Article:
Boy Smells’ Matthew Herman on throwing old perfume rules out the window
When co-founders and partners Matthew Herman and David Kien started developing Boy Smells, they weren’t exactly sure they had a brand. In fact, Herman said the process of making candles in their living room in 2016 was a side hustle. Herman and Kien were both working in fashion at the time; Herman was a designer at Nasty Gal and Kien worked in production at The Elder Statesman.
“We didn’t have a ton of lofty aspirations for the brand when we first launched it, because we really wanted it to be a little recreational hustle. It was in years two and three that we got really started to get serious. We quit our jobs. We were running the whole business from the living room, then it was the living room and the kitchen, then the living room, the kitchen and the sunroom. All of a sudden there was a inventory in the hallways,” Herman said on the latest episode of the Glossy Beauty podcast.
While “genre” Boy Smells launched at Sephora this month, it first launched into retail through independent stores like Boy George in Austin and has now closed Barneys New York, positioning the line as for a fashion-savvy person but sold at a more accessible price. The brand’s perspective on collaborations is equally thoughtful. After Boy Smells’ Slowburn candle catwalk success with singer-songwriter Kacey Musgraves, it would have been easy for the team to rinse their mouths out and repeat the mentality with other partnerships. But Herman said whoever Boy Smells works with should represent what Boy Smells is, which led to the brand’s latest work with Grace Jones.
In essence, Hermand said: “[We asked ourselves], ‘If we could choose one person who represents our gender values and who we are as a brand, who would we want to work with?’ And we went after this person, who’s not the person digital people want to know about every decision on…hearing or whatever. [would choose]. We went after the person who we felt truly represented our brand values,” Herman said.
Below are additional highlights from the conversation, which have been lightly edited for clarity.
Democratizing luxury perfume
“I went to school at Central Saint Martins in London. I worked in London for a bit, worked in New York for more high-end catwalk designers, then moved to Los Angeles to working for Nasty Gal, which was my first job in fast fashion. … Nobody ever asked you to skimp on the design or skimp on the concept. It was like the craziest, craziest stuff you could imagine, but made for a mass audience. I fell in love with this idea of being able to not skimp on concept, not skimp on design, but still deliver something that felt elevated but still within one price. … Our main candles, our black and pink candles, are $34. That’s a really competitive price to get in. Most candles from many brands that I like… can cost upwards of $100. For us, being able to bring a modern perfume to a much more accessible price was a real idea nt exciting.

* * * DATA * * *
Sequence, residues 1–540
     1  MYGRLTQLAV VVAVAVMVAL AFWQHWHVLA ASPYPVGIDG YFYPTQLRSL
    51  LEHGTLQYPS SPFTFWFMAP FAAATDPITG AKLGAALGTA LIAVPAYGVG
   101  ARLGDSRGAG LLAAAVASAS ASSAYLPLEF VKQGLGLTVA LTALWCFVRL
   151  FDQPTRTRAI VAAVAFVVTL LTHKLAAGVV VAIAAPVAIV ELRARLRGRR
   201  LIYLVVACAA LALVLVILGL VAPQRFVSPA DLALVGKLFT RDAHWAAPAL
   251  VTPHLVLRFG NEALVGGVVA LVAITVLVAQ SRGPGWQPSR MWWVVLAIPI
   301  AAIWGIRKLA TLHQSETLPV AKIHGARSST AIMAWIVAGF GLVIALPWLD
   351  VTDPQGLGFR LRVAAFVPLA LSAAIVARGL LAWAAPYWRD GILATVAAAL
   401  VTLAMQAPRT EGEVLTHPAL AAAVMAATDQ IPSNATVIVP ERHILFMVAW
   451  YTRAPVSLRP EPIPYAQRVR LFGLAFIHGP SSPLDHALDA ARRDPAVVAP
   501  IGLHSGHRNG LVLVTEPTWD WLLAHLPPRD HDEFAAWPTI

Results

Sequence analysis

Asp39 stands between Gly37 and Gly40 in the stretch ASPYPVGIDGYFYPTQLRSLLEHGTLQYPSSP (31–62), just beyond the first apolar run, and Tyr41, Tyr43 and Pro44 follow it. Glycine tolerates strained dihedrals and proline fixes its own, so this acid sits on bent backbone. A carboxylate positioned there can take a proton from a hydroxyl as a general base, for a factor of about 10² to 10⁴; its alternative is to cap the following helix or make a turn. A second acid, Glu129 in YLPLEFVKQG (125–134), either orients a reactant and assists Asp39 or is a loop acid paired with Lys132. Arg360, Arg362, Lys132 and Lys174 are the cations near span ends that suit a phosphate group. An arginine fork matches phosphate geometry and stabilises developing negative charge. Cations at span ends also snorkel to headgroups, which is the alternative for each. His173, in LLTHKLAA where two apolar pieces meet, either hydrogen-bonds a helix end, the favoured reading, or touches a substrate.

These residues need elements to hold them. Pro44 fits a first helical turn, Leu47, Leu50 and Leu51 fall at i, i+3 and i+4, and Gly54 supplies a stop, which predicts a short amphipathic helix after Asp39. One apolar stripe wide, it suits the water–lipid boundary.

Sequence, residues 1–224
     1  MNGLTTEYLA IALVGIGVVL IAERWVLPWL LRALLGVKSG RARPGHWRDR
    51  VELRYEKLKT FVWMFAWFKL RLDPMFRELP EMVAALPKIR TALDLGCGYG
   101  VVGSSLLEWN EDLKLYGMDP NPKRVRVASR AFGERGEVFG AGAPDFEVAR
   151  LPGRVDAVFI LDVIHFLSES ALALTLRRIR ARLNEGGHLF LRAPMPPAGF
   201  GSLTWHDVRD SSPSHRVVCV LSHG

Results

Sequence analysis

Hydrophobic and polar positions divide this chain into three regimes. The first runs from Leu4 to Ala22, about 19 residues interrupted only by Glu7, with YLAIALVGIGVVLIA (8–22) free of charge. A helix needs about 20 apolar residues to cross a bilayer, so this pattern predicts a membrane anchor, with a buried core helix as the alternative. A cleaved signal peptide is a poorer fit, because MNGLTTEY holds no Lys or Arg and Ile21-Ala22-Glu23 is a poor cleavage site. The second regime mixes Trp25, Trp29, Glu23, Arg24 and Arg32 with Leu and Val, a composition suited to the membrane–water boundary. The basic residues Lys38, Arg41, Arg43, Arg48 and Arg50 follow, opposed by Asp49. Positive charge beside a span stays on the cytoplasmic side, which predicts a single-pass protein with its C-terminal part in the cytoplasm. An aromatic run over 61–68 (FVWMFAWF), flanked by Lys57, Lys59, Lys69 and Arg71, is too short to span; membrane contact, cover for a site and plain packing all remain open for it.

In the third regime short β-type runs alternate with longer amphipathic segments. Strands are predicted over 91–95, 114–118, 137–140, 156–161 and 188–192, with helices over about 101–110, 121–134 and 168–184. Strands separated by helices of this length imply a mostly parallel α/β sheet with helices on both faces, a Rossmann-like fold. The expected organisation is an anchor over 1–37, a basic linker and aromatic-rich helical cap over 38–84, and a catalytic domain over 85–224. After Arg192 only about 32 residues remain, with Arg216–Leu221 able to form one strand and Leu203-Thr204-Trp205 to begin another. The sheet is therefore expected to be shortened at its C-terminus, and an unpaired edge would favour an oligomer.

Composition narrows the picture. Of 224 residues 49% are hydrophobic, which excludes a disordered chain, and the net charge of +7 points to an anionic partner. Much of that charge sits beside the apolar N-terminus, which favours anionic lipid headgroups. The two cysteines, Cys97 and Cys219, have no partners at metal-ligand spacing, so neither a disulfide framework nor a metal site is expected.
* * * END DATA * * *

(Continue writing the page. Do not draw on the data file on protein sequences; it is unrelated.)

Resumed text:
The magic of gender
“We got into all of this with digital agencies that want to scrape conversations and look at their data and their audiences and stuff. While I really appreciate that, I think some things are just meant to work fine. … Kacey Musgraves represents our gender values. Gender wholeness is about expanding the definition of your gender, defying expectations, and exceeding expectations based on the limited perspectives others have of you. … The country music industry is that old boys’ club. Many country music stations don’t even play Kacey Musgraves. I think she was not allowed to be nominated for country music at the Grammy’s this year. So she’s forging her own path, exceeding expectations and redefining what it means to be a woman in country music today and redefining the genre. She was very much in our gender values.
Destination: fine fragrance
“Making fine perfume has always been a goal. Candles were something [we did] not coming from the perfume industry. It was something we felt most comfortable tackling first, but the refined scent is where we knew we always wanted to end. … In those early years, all of our growth was fueled by the candle category. Last year, the brand experienced significant growth in the fine fragrance category which was just launched last year. It’s such an exciting thing to want to do something and then, when you finally do it, it’s more successful, faster than you expected. What’s wonderful about partnering with Sephora is that they’re known as a fine fragrance destination. Our first largest retailer will handle the fine fragrance collection. … We realize that many people are still discovering IRL fine fragrances.